Distinct from most forms of financial aid, students don’t apply for Singer scholarships. Instead, the campus provides the foundation with applications of selected students who have already been accepted for admission — the school’s only formal involvement in the program. The foundation then makes its own selections.

His family, Chanin says, was motivated by a desire to “promote a lesson of good deeds,” and to give directly to people in need of assistance. Like Caplan, he urges other private funders to increase the number of scholarships available to blacks, Latinos, and others with the intellectual prowess, but not the financial means, to thrive at Berkeley.

“We would love to see other private groups develop similar programs for all underrepresented communities,” says Caplan. They focused on L.A.’s black community, he adds, because “we knew we could make a difference there.”

And they have. Richard Black, Berkeley’s associate vice chancellor for admissions and enrollment, notes that of the 21 students who have taken advantage of Singer scholarships thus far, only two have dropped out. Four have graduated, and “the rest are in good standing” — most of them as juniors and seniors.

“I’m really proud of these kids for doing so well,” boasts Chanin, who has made it a point to meet as many as he can. “I can’t tell you how exceptional each and every student I met was — their values, their goals, their work ethic. One was more impressive than the next.”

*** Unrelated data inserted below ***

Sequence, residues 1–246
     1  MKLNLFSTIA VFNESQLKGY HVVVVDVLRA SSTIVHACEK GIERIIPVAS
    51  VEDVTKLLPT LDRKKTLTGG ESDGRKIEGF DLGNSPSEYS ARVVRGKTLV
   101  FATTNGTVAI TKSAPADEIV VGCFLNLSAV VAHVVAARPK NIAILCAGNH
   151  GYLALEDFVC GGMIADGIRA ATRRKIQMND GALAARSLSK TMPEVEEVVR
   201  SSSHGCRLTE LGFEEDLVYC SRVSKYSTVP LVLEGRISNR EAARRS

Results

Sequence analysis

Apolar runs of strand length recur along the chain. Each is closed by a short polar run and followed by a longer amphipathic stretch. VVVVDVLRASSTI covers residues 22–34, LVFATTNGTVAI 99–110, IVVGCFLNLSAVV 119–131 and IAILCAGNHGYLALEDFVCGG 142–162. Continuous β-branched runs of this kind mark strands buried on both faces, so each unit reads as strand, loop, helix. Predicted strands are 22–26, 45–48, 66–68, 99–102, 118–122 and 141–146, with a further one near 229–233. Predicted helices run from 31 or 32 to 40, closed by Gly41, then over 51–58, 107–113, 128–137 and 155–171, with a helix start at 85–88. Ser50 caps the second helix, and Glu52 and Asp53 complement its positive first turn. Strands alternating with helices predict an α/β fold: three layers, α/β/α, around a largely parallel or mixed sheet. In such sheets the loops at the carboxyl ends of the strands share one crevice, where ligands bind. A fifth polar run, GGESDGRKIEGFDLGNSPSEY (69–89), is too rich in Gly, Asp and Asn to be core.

Bryant, now in her first year at Minnesota’s University of St. Thomas Law School, says the moral support she received from Chanin and others associated with the program — including a networking group that kept in touch via cards and letters — was, in some ways, as vital as the financial support. “They really wanted to know how you were doing, how you were progressing,” she says.

Berkeley, she adds, “does a really good job of looking beyond the grades” to gauge applicants’ true potential for academic success. Despite less-than-stellar SAT scores, Bryant had a good GPA at a magnet high school, and says that metric, together with her “personal story,” won her admission to Berkeley. The Singer scholarship — supplemented by other grants and a part-time job at Boalt Hall — made it possible for her to concentrate more on her studies.

“I really loved Berkeley,” says Bryant. “It was an amazing experience.” Now, unencumbered by loans, she feels “free to do public-interest work” when she finally gets her law degree. She plans to do “something in juvenile public defense,” she explains, and especially wants to find ways to help lower-income minority communities.

“Lots of my friends just kind of settled into the lifestyle that surrounded us,” she says. Her younger brother, for example, plans to join the armed forces rather than head straight to college after high school. Programs like the Singer scholarships, she believes, “let people know there are friends out there who are willing to help. There are so many opportunities out there….It starts with an awareness that there is hope.”

Chanin couldn’t agree more. “I really believe that going away to college is one of the great experiences of life,” he says. By extending a hand to underrepresented minorities, he adds, the Singer scholarships offer something more valuable than cash. They send the message that “there are other people in the world rooting for you, and other people can help you.”